Content localization mistakes cost you - here's how to fix them (every time)

Discover how to perfect your content localization strategy by avoiding these top 10 mistakes.

Content localization mistakes cost you - here's how to fix them (every time)

More than half of all consumers prefer product information in their own language. This fact underscores the importance of content localization when entering new markets. To do this effectively requires a comprehensive strategy that involves all parts of the organization, from product development to marketing. Mistakes are common, but they can be managed and corrected.

Content Collision (C2) helps global tech companies grow in Southeast Asia, focusing on Indonesia. Their work has identified common localization mistakes that hinder marketing success in these regions. Overcoming these challenges is necessary for entering the market successfully.

This guide lists the top ten localization mistakes and offers clear solutions for each. Following these steps will help teams improve their localization efforts, making their strategy more effective and boosting confidence in their market approach.

1. Your team don’t have list of banned words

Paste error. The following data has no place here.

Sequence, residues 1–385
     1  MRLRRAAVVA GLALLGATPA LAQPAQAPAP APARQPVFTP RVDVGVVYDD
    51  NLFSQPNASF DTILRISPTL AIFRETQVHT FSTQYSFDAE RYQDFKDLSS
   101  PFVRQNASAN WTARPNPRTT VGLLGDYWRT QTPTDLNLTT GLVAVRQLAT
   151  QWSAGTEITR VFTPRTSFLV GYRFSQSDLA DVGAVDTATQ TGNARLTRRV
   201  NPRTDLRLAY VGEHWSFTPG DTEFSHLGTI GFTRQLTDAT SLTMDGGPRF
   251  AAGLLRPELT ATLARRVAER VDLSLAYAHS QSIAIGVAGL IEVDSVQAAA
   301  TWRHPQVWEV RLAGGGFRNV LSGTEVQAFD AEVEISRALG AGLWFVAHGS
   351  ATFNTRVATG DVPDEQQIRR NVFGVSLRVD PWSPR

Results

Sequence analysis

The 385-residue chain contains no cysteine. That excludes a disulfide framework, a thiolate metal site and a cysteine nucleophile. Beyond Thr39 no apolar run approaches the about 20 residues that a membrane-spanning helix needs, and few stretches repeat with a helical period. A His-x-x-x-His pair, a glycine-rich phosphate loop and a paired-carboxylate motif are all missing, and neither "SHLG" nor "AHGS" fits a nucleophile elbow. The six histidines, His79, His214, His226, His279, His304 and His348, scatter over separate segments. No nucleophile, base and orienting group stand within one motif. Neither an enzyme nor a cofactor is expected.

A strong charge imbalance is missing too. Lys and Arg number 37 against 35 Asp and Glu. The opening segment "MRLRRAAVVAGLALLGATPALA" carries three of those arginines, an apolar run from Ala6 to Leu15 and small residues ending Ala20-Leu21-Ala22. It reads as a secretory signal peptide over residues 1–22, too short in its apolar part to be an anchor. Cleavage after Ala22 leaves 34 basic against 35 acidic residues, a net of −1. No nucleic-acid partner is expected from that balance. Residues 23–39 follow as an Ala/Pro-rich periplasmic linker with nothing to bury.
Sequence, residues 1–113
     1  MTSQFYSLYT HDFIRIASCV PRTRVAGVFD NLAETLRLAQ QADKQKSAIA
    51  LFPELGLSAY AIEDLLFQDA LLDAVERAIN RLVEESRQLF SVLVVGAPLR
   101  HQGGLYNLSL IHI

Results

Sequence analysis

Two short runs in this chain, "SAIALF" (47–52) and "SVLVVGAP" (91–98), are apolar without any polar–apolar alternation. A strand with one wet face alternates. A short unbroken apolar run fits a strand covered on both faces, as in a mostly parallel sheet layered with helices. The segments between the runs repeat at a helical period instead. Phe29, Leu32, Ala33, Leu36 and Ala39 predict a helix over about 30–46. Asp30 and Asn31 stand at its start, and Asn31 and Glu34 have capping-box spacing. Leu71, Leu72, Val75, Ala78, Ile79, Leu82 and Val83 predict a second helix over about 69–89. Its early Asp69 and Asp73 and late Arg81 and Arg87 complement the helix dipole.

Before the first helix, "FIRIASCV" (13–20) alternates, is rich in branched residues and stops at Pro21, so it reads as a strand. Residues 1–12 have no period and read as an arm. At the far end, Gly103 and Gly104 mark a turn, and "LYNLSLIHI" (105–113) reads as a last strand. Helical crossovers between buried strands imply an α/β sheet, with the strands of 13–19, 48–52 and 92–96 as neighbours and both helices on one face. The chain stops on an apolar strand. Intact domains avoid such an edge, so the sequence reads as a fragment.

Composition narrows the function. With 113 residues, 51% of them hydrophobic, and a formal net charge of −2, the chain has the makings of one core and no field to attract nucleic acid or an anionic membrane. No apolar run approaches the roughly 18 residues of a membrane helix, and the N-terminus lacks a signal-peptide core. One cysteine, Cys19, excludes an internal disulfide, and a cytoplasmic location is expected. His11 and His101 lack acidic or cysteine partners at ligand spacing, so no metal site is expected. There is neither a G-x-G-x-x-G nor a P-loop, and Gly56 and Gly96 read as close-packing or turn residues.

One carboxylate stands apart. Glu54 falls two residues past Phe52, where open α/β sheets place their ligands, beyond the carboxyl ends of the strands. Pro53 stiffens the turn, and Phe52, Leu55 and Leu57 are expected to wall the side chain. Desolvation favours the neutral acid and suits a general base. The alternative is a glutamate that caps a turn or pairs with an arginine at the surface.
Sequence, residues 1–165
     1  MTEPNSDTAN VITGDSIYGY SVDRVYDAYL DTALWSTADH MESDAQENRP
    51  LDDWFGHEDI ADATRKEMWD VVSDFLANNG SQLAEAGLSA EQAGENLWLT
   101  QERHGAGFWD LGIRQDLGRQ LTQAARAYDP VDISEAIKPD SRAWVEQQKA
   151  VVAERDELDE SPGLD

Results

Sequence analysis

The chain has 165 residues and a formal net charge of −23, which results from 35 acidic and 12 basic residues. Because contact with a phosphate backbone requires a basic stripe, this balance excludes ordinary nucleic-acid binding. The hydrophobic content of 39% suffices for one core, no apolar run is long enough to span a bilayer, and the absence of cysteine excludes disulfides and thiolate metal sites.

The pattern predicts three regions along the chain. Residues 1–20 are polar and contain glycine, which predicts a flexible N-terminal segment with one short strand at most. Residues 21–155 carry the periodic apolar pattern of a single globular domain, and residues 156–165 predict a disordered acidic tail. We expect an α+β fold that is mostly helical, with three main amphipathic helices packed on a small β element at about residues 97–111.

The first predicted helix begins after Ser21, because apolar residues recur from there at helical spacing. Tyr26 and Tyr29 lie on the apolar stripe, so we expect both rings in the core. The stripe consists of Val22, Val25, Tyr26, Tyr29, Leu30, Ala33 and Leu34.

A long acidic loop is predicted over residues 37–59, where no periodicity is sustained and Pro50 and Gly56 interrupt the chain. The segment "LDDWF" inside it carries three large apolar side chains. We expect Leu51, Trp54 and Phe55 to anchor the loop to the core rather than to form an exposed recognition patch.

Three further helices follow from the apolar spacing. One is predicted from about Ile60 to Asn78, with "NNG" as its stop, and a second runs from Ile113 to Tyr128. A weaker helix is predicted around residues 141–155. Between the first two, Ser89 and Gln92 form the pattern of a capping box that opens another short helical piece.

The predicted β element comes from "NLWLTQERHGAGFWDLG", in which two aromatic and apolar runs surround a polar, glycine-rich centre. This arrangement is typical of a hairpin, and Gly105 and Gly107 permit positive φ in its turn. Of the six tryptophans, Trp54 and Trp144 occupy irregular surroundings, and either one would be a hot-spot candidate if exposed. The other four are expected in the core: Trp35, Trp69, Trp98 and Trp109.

Entering new markets brings a challenge: what words might offend people locally? The variety in dialects and languages, even within one place, makes localizing content complex.  Therefore, starting by building a list of words to avoid for each target area can help prevent problems for your brand.

These problems can arise from small misunderstandings that can have a big impact, with some even leading to potential image crises. So, knowing your audience in detail by looking at their demographic aspects is a great way to start.

Here's what you can look at: consumer habits, regional demographics, attitudes, and relevant timing. This helps ensure content fits well with local values and avoids mistakes.

Demographic aspects to consider when localizing (from Harvard Business Review)

Creating this list is a team effort. People who know the local culture and language should work together on it. The goal is not just translating words, but to understand their deeper meanings in the local context. This work needs to continue as languages and cultural norms change.

2. Skipping 2 layers reviews from the local team

We get it. Sometimes, for speed's sake, content needs to get out to the public quickly.  But what's worse? When the public mistakes your content's main message. This mistake usually comes from relying solely on translation tools for content review. This is the classic beginning of every "lost in translation" phenomenon.